Now when Krugman and John Kenneth Galbraith line up in support of a particular economic policy, you can be assured that more government spending is going to be the solution.

    Yet excessive government spending, leading to unsustainable national and even international debt, is what has gotten us, the democratic world into our current financial mess. People with money are now becoming more and more reluctant to lend that money. And the progressive solution is to use government force, taxation to change their minds. Take that money away from lenders and let government becoming the lender. And if Kindleberger’s approach is used, would it not HAVE to be some autocratic international body to become the “universal lender” of all the world’s money?

    Back to Krugman for a moment. Greece is “lost” now or so he seems to be saying but Spain is the “lynchpin” to save the Euro, right? Well hell, Spain “only” asks for about $125 Billion right now. That is a drop in “our” economic bucket. So if the fate of Europe is at hand because of Spain, we, Ameridca, should just “lend” Spain the whole amount, right? Call it the new “Marshal Plan” to save Europe!!!



    • I’m going to address something you wrote because I think it important for others (those weary souls who have read thus far and who care) to understand the following. Because of length, I edited out of my original piece above a discussion about what DeLong and Eichengreen and Krugman wrote about an important event in 1931:

      At the centre of The World in Depression is the 1931 financial crisis, arguably the event that turned an already serious recession into the most severe downturn and economic catastrophe of the 20th century. The 1931 crisis began, as Kindleberger observes, in a relatively minor European financial centre, Vienna, but when left untreated leapfrogged first to Berlin and then, with even graver consequences, to London and New York. This is the 20th century’s most dramatic reminder of quickly how financial crises can metastasise almost instantaneously. In 1931 they spread through a number of different channels. German banks held deposits in Vienna. Merchant banks in London had extended credits to German banks and firms to help finance the country’s foreign trade. In addition to financial links, there were psychological links: as soon as a big bank went down in Vienna, investors, having no way to know for sure, began to fear that similar problems might be lurking in the banking systems of other European countries and the US. In the same way that problems in a small country, Greece, could threaten the entire European System in 2012, problems in a small country, Austria, could constitute a lethal threat to the entire global financial system in 1931 in the absence of effective action to prevent them from spreading.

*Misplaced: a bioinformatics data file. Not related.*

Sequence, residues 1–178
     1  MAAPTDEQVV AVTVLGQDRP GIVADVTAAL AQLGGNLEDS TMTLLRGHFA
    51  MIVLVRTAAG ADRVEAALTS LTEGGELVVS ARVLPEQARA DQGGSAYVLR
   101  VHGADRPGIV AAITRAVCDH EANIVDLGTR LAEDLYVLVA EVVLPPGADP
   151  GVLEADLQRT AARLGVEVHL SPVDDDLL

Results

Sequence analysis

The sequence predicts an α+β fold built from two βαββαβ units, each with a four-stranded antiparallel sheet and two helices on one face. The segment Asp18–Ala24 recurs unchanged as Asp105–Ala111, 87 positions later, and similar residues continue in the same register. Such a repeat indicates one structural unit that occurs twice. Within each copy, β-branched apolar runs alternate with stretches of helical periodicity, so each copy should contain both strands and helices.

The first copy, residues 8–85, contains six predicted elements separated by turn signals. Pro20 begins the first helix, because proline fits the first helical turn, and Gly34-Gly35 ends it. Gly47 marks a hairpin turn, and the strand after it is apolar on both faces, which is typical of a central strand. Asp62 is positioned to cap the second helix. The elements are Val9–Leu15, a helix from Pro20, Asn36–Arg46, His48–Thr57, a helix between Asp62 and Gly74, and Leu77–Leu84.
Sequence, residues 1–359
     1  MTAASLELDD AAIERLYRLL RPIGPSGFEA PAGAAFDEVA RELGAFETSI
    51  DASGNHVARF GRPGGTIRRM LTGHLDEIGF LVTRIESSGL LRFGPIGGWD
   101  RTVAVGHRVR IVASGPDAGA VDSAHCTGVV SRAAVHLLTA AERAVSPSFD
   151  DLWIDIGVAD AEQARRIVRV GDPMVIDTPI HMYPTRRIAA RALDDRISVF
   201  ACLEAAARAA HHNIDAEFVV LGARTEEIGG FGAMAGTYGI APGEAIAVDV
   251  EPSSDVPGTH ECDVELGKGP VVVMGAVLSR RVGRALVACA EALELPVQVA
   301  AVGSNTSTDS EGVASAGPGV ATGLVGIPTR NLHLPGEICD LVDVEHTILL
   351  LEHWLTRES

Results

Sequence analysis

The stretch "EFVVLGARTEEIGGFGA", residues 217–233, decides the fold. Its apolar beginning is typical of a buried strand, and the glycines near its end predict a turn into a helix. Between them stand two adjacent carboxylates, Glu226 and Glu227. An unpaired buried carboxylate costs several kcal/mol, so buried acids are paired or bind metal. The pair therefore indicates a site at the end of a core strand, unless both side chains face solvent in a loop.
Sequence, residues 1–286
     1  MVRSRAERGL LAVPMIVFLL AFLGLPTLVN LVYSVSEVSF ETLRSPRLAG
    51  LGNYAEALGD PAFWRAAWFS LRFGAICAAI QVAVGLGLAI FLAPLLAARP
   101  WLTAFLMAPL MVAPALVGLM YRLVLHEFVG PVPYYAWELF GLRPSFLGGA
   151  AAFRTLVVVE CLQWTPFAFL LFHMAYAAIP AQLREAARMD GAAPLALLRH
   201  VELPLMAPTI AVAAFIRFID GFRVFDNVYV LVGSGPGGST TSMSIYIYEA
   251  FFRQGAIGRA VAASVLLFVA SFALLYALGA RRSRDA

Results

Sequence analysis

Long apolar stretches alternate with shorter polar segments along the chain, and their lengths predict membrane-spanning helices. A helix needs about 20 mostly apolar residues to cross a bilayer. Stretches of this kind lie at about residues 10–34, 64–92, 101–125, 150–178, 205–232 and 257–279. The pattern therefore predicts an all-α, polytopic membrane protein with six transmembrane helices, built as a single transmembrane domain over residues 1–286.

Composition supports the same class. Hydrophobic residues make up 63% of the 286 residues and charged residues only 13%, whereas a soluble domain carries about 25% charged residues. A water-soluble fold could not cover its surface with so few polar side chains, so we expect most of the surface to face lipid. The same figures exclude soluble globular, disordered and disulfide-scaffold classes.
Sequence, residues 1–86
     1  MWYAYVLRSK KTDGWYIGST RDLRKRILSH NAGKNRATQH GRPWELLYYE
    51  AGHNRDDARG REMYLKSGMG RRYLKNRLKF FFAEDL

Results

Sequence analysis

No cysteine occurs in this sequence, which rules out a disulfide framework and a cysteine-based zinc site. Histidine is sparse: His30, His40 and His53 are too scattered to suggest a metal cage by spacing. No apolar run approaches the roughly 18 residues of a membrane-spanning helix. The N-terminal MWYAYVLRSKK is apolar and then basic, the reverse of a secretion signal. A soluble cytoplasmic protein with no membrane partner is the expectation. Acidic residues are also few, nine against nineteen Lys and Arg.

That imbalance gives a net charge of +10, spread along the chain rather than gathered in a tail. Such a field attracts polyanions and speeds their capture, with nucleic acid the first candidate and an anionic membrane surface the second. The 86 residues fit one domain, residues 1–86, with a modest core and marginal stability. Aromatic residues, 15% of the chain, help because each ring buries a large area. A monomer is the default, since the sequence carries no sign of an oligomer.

If you actually read thus far, you can understand how your suggestion that the U.S. bail out Spain, which you stumbled onto trying to be sarcastic, is pretty much exactly what Kindleberger had in mind (as far as I can tell). If $125 billion would help save the collective European economy, the failure of which would have serious consequences for our own country, wouldn’t that relatively small sum be worth the investment, particularly since we wouldn’t be expected to put up the entire amount?

      Of course, all of us know that U.S. taxpayers will not bail out Spanish bankers, nor should they without the implentation (also impossible these days) of Kindleberger’s (4) above:

      “ensuring the coordination of macroeconomic policies”

      As long as we have no control over those banks (heck, we don’t have much control over our own) or the government (ditto), then we rightly stay away from giving them a lot of money, even if it may ultimately help ourselves. The point is that there is no assurance, since we can’t attach strings to the money, that it won’t go to waste. But the Kindleberger “lesson”–that contagion can lead to catastrophe and that it is more prudent to act earlier than later–is a sound one, even if the corresponding Kindleberger lesson–of the importance of a “dominant economic power able and willing to take the interests of smaller powers and the operation of the larger international system into account” — will be lost on this generation, just like it was in 1931.

      You, and others interested, should read the short preface to Kindleberger’s book, which can be found here.



  2. Jane Reaction

     /  June 25, 2012

    Duane: Your graph is one of increasing desperation, for not only jobs, but the future of America. Excessive government did NOT get us into this situation, in fact lack of government regulation did, then corporate greed stepped in to finish us off.

    I wish I could add a recent chart from the Federal Reserve Bulletin Volume 98 this month. It details a 20 year, zero increase in wealth for most of us.

    Not counting primary residences, family median net worth was reduced from $126,000 to $42,300 by 2007, and further reduced from there to $29,800 by 2010.

    Essentially, the declines are associated with vastly decreased levels of capital gains on assets. Maybe somewhere homes, cars, boats and other flotsam are commanding higher prices, but not in this country.

    Keep up the good work.